After resisting legislation to ban the chemical for the past few General Assembly sessions, the Maryland Agriculture Department announced Wednesday that it would take steps to phase out chlorpyrifos, a powerful and controversial pesticide used on certain food crops and golf courses.
“In light of the department’s ongoing conversations with farmers, I have directed MDA to convene all interested stakeholders and begin the process of crafting reasonable and responsible regulations that will accelerate the phase out of chlorpyrifos,” Agriculture Secretary Joseph Bartenfelder said in a statement.
“This is in the best interest of the agriculture industry and the environment, and will protect the independence and integrity of our robust science-based regulatory framework while providing farmers time to identify alternative or replacement products.”
But with bills to ban chlorpyrifos progressing through the House and Senate, environmental advocates panned the administration’s announcement.
Chlorpyrifos is a nerve-agent pesticide that has been associated with slowing children’s brain development as well along with environmental damage. It is often used by farmers and groundskeepers as a last resort, when other chemicals fail to fight off pests.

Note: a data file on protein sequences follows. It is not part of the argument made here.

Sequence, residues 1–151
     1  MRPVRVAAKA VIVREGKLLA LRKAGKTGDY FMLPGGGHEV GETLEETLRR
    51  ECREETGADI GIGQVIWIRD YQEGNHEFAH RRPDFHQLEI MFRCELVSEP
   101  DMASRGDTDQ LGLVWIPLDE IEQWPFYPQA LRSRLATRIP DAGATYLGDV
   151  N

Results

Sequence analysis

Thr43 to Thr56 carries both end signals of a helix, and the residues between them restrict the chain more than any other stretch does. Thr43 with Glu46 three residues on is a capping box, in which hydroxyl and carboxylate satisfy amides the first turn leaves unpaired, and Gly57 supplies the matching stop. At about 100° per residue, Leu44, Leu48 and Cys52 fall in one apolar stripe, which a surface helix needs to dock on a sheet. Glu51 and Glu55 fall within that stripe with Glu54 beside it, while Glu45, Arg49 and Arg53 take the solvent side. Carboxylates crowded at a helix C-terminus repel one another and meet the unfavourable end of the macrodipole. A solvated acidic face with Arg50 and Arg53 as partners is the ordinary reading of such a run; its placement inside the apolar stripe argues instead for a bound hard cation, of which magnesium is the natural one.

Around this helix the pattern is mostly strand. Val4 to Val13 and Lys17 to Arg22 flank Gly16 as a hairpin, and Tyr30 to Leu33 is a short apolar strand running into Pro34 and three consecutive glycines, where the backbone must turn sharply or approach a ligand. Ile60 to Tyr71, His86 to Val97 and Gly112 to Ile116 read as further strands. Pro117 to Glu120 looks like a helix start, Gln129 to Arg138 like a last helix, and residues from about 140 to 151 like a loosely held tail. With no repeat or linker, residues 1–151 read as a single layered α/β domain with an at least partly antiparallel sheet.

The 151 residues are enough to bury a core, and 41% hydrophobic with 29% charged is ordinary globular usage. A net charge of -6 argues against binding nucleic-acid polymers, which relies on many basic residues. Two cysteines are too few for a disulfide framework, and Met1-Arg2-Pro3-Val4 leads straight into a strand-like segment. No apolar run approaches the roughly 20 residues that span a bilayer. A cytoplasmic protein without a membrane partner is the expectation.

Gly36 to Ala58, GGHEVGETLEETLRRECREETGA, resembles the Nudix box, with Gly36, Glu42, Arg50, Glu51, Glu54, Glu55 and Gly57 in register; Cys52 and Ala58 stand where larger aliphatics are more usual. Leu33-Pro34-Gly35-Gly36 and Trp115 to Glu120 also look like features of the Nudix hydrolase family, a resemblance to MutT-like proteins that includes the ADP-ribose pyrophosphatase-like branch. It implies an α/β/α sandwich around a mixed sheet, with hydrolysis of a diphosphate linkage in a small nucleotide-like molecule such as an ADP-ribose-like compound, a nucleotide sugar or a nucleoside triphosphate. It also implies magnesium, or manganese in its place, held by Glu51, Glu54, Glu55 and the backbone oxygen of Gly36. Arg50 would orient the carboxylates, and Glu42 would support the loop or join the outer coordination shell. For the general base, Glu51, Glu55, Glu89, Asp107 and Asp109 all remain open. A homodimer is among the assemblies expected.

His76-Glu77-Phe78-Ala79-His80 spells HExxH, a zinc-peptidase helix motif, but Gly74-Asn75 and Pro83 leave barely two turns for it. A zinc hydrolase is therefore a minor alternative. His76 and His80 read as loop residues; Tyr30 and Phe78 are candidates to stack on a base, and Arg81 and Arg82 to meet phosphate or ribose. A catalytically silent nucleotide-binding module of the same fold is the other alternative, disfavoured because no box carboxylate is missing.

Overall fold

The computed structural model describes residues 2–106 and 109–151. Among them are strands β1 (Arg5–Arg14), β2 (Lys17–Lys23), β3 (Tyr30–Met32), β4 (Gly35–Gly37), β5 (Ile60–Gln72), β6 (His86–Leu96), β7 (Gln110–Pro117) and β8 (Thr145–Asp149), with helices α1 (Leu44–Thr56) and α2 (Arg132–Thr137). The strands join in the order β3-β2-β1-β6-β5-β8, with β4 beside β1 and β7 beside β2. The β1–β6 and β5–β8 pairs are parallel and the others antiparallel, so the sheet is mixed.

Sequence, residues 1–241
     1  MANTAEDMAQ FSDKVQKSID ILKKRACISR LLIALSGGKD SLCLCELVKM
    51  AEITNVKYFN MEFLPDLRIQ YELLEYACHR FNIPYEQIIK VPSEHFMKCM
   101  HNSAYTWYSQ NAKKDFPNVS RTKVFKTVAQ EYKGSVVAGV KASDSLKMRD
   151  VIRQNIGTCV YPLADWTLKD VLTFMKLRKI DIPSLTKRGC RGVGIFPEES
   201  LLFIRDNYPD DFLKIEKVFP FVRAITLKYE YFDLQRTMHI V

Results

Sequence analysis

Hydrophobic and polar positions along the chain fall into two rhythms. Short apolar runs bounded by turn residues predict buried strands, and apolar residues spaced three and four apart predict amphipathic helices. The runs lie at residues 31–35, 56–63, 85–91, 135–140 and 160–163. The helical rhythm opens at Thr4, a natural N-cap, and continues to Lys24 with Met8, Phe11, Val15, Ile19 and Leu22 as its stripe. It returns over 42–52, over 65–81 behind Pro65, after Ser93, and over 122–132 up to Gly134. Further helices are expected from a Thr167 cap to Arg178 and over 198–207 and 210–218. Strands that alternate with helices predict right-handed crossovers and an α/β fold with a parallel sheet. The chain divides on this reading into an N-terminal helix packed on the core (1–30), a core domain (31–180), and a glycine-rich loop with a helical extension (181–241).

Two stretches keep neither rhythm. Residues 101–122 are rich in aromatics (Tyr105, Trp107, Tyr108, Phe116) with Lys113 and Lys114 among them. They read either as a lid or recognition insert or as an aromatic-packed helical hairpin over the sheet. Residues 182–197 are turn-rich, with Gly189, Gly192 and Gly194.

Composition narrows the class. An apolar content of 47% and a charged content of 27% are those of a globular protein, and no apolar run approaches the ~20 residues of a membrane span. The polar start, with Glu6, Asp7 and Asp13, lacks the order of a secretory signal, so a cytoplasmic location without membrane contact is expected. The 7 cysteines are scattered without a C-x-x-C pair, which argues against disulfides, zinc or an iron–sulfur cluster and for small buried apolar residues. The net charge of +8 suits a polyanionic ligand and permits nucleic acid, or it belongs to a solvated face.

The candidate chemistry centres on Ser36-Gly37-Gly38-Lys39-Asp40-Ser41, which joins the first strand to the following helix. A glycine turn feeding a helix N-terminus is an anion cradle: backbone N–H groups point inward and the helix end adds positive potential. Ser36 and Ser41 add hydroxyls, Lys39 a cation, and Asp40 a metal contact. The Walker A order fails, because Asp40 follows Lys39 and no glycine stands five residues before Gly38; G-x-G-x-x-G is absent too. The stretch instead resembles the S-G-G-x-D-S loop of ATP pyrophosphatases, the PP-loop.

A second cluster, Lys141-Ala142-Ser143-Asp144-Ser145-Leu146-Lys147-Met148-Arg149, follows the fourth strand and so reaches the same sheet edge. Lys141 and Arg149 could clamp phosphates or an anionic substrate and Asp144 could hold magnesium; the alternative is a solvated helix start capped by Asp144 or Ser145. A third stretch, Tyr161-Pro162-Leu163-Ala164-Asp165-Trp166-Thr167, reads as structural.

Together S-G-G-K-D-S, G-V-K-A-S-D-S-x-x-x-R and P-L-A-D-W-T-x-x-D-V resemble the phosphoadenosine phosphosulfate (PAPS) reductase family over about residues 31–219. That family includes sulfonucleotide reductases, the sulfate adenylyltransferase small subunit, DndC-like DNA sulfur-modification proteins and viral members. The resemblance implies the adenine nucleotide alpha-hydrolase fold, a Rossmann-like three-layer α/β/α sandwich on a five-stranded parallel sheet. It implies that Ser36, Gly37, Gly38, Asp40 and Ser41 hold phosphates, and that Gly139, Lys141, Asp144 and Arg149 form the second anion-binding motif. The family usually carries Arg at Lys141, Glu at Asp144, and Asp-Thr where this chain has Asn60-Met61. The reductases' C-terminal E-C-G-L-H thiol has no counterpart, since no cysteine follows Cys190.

The U.S. Environmental Protection Agency took steps to ban the chemical under the Obama administration, but those regulations have been rolled back during the Trump administration.
“The Hogan Administration’s sudden change of heart in favor of considering regulating the toxic pesticide chlorpyrifos is surprising, after three years of active opposition to legislation that would ban it,” the group Smart on Pesticides Coalition said in a statement. “The Maryland Department of Agriculture’s proposal is not acceptable. MDA is simply not equipped financially or with expertise to develop and defend a regulation banning chlorpyrifos.”
House and Senate committees held hearings last week on bills to ban the pesticide
, but the state Agriculture Department only provided written information and did not weigh in directly on the legislation.
The sponsors of the measures, Sen. Clarence K. Lam (D-Howard) and Del. Dana Stein (D-Baltimore County) issued statements late Wednesday saying they intended to press ahead with their legislation.
“The Department’s proposal for a regulatory phase out could allow for numerous delays, exemptions, and loopholes that result in continued exposure to chlorpyrifos,” Stein said. “EPA scientists have concluded that there is no safe level for use of chlorpyrifos, and that’s why we need to take concrete steps to ban this product now.”
Senate Education, Health and Environmental Affairs Committee Chairman Paul G. Pinsky (D-Prince George’s) said he hoped to bring the bill to a vote in his committee on Friday.
“I would like to because I don’t trust the regulatory process,” he said.